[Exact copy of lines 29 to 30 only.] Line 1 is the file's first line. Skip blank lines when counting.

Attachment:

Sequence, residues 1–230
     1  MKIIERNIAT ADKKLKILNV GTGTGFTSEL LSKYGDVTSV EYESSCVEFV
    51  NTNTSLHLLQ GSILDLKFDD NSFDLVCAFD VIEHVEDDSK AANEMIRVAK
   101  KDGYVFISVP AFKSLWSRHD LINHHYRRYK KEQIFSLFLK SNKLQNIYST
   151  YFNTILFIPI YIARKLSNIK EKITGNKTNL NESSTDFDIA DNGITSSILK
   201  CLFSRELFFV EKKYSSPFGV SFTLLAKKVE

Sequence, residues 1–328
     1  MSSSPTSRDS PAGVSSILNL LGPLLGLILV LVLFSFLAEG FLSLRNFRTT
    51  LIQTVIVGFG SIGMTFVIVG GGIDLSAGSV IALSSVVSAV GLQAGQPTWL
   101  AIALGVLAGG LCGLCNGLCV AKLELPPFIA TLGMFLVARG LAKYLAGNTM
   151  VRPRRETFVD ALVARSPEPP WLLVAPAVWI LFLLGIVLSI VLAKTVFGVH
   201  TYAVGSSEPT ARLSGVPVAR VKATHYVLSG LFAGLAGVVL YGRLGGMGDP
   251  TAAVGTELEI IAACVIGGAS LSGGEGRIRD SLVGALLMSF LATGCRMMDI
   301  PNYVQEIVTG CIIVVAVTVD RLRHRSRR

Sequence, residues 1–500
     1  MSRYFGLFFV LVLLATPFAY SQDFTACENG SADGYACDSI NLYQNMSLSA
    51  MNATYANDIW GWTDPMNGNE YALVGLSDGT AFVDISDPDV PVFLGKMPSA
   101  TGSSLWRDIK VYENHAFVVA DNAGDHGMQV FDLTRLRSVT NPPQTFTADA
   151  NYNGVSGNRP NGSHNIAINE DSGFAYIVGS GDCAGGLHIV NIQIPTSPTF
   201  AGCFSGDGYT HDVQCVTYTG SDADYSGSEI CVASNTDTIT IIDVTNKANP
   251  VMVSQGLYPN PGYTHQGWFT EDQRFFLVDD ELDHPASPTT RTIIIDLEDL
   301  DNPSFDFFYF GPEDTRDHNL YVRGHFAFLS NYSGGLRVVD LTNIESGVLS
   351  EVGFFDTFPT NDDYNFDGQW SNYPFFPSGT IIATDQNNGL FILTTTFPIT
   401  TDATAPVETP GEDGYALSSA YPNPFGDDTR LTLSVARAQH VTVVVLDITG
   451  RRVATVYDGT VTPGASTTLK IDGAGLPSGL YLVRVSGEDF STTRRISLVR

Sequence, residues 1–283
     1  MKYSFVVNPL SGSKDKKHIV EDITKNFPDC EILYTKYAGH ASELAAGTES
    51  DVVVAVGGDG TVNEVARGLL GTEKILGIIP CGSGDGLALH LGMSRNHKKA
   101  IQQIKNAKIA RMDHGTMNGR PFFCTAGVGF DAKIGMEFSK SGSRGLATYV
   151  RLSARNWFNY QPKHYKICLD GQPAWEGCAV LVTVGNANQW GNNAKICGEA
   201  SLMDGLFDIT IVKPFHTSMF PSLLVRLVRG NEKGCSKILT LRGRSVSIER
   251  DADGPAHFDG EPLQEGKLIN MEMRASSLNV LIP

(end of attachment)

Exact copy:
   101  IQQIKNAKIA RMDHGTMNGR PFFCTAGVGF DAKIGMEFSK SGSRGLATYV
   151  RLSARNWFNY QPKHYKICLD GQPAWEGCAV LVTVGNANQW GNNAKICGEA